What are they?
Lipid nanoparticles (LNPs) are a crucial component in the delivery of RNA drugs, including mRNA-based therapeutics and small interfering RNA (siRNA) molecules. LNPs are utilized to protect and transport these fragile RNA molecules through the cell membrane to their target cells, ensuring efficient delivery and therapeutic effects.
How do they work?
In the case of RNA-based drugs, such as mRNA vaccines or therapeutics for genetic disorders, the RNA is encapsulated within a micelle of LNPs. These LNP micelles serve as protective carriers for the mRNA, shielding it from degradation by enzymes in the bloodstream.
First the drug, mRNA vaccines for example, is encapsulated within LNPs. For RNA interference (RNAi) drugs, such as small interfering RNA (siRNA) or short hairpin RNA (shRNA), the specific LNP’s used for the encapsulation may require a different LNPs with different properties to protect them during circulation and facilitate cell membrane transport. Lipids of several types, cholesterol, and short chain polyethylene glycol, have all been used in these encapsulation formulations. LNPs can also be modified with these specific ligands to enable targeted delivery to specific cell types or tissues. This is particularly useful when precision targeting is required.
LNPs interact with cell membranes and enter cells via endocytosis, a process where the cell engulfs the particle within a vesicle. This enables the efficient delivery of RNA molecules to the cytoplasm, where they can exert their therapeutic effects. After endocytosis, one of the critical challenges in RNA drug delivery is escaping from the endosome and reaching the cytoplasm where RNA molecules can function. LNPs facilitate endosomal escape through various mechanisms, including disruption of endosomal membranes so that the RNA can engage with the cellular machinery and carry out its therapeutic function. LNPs also help protect RNA molecules from degradation by ribonucleases, which ensures that enough intact RNA reaches the target cells.
Where have mRNA LNPs been used?
LNPs have extensively been used in the development of mRNA vaccines, such as the COVID-19 vaccines. They efficiently deliver the mRNA encoding the viral spike protein, triggering an immune response. LNPs have been created for use in gene therapy to deliver therapeutic mRNA molecules to treat genetic disorders, cancers, and other diseases. Additionally, they have been used in RNAi-based therapies, to deliver siRNA or other small RNA molecules to silence specific disease-related genes.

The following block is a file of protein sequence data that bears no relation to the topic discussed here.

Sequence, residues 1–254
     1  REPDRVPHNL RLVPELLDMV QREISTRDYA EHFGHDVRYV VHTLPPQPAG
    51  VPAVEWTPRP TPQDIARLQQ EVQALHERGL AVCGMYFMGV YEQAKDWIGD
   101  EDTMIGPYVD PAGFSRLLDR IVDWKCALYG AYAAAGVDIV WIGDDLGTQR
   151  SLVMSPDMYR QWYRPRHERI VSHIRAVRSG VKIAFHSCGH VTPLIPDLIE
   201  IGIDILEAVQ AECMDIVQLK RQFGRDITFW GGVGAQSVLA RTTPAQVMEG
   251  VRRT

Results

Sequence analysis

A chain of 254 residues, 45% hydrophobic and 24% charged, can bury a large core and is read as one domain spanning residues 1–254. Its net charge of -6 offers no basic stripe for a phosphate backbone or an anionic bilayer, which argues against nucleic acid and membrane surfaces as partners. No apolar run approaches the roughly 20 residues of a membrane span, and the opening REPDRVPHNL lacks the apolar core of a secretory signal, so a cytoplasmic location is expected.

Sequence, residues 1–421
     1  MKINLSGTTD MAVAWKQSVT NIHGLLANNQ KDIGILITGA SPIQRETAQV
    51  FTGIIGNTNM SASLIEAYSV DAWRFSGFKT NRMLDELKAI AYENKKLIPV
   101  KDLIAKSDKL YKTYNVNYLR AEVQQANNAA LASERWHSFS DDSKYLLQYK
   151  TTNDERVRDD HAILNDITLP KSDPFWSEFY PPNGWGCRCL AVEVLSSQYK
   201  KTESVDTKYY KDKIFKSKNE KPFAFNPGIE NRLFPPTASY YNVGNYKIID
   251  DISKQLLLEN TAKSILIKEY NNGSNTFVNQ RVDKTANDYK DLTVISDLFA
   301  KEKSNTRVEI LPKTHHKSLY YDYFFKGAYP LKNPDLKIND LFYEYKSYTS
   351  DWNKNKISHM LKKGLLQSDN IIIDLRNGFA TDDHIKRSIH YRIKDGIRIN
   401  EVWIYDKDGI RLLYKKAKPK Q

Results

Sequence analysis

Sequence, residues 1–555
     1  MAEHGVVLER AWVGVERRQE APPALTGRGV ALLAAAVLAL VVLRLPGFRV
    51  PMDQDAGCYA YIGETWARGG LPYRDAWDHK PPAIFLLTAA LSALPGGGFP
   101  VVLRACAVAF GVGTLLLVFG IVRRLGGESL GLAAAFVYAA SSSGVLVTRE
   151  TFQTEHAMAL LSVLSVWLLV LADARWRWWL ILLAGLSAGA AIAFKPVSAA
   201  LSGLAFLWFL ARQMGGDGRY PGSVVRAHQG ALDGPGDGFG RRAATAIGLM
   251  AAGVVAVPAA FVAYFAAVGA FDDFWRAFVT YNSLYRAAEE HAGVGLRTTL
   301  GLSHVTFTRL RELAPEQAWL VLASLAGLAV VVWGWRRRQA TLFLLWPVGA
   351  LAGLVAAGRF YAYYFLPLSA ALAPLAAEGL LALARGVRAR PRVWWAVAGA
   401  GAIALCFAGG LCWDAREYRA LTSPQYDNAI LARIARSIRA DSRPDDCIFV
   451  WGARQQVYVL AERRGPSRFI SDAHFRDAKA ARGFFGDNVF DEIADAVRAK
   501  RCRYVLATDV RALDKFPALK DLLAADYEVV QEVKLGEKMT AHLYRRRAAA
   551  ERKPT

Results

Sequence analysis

What are the advantages of mRNA delivery by LNPs over other methods?
LNPs are designed to be biocompatible and safe for clinical use, minimizing the risk of adverse effects sometimes observed in the use of viral vector RNA transporters. LNPs play a crucial role in maximizing the efficacy of RNA drugs by facilitating their efficient transport and intracellular release. Also, LNP properties are easier to be slightly modified or ‘tweaked’ to get a desired outcomes, than are viral vectors. This form of delivery is often the best option available for optimal drug efficacy.
What are the challenges of using LNPs as a mRNA transporter?
Researchers’ number one aim is to ensure the safety of a LNP RNA therapeutic formulation and to diminish any possible immunogenicity. Along with this, new encapsulation materials and novel designs must be optimized for efficacy of the therapeutic drug.
Lipid nanoparticles are vital vehicles for the delivery of RNA drugs, ensuring the protection, stability, and targeted delivery of RNA molecules to the appropriate cells, tissues, or organs in the body. This technology has opened a doorway for innovative therapies and vaccines in various areas of medicine. While challenges remain, ongoing research and advancements continue to enhance the potential of this approach for various biomedical applications for the treatment and prevention of a wide variety diseases. Potential applications range from vaccines to gene therapy to cancer treatments.
- Duan L-J, Wang Q, Zhang C, Yang D-X and Zhang X-Y (2022) “Potentialities and Challenges of mRNA Vaccine in Cancer Immunotherapy.” Front. Immunol. 47 (May 2022) 92366. Garcia-Beltran WF, et al. mRNA-based COVID-19 vaccine boosters induce neutralizing immunity against SARS-CoV-2 Omicron variant. Cell. 2022;185:457–466